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22 March 2013

Deserters


We were getting new recruits
sixteen and seventeen years of age
when we had to do this attack

The two youngsters were crying
It was such a shock
We moved up to the attack
They had cleared off
three or four miles from the action

They were brought back and charged
The verdict of the court was read out
The two young men had deserted
They were going to be shot at dawn

The two young men
were brought out
to a yard
blindfolded

Fire at the head
At the heart

The chances were
they would be killed instantly
As of course they were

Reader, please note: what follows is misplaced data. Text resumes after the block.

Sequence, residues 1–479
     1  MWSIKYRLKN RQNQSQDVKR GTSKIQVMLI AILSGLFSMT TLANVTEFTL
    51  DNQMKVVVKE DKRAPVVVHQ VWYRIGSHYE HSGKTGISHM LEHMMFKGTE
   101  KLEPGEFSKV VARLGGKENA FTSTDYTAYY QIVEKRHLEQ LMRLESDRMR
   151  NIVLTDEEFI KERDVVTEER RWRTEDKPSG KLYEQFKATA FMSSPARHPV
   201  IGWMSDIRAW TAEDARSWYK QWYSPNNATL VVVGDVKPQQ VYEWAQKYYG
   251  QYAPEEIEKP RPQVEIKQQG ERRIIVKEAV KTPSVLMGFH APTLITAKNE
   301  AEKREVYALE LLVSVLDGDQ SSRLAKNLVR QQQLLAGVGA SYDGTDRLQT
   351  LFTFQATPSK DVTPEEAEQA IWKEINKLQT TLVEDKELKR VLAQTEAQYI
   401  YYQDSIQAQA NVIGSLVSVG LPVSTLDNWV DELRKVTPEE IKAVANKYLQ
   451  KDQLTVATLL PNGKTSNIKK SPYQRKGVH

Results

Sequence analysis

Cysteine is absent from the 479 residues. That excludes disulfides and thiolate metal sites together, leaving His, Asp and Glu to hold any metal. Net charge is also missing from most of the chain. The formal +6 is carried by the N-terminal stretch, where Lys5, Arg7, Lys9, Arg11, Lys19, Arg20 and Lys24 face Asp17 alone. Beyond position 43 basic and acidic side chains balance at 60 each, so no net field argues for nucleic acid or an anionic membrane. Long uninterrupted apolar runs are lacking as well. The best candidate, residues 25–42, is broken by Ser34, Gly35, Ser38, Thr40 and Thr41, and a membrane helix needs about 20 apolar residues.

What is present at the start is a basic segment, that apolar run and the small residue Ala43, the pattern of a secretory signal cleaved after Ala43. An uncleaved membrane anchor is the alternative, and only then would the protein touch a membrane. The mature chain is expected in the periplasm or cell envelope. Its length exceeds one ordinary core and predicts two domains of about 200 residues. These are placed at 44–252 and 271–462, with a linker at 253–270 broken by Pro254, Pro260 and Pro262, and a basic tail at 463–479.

The four men who had to shoot them
were sick with it all
There was sympathy for the boys
but more for their parents

We lived with it all
for days
weeks

I can see it all now




Taken from Forgotten Voices of the Great War by Max Arthur (Ebury Press, 2002), p.203f. The poem is taken from the words of Private William Holmes, 12th Battalion, London Regiment. Submitted by Lisa Oliver.

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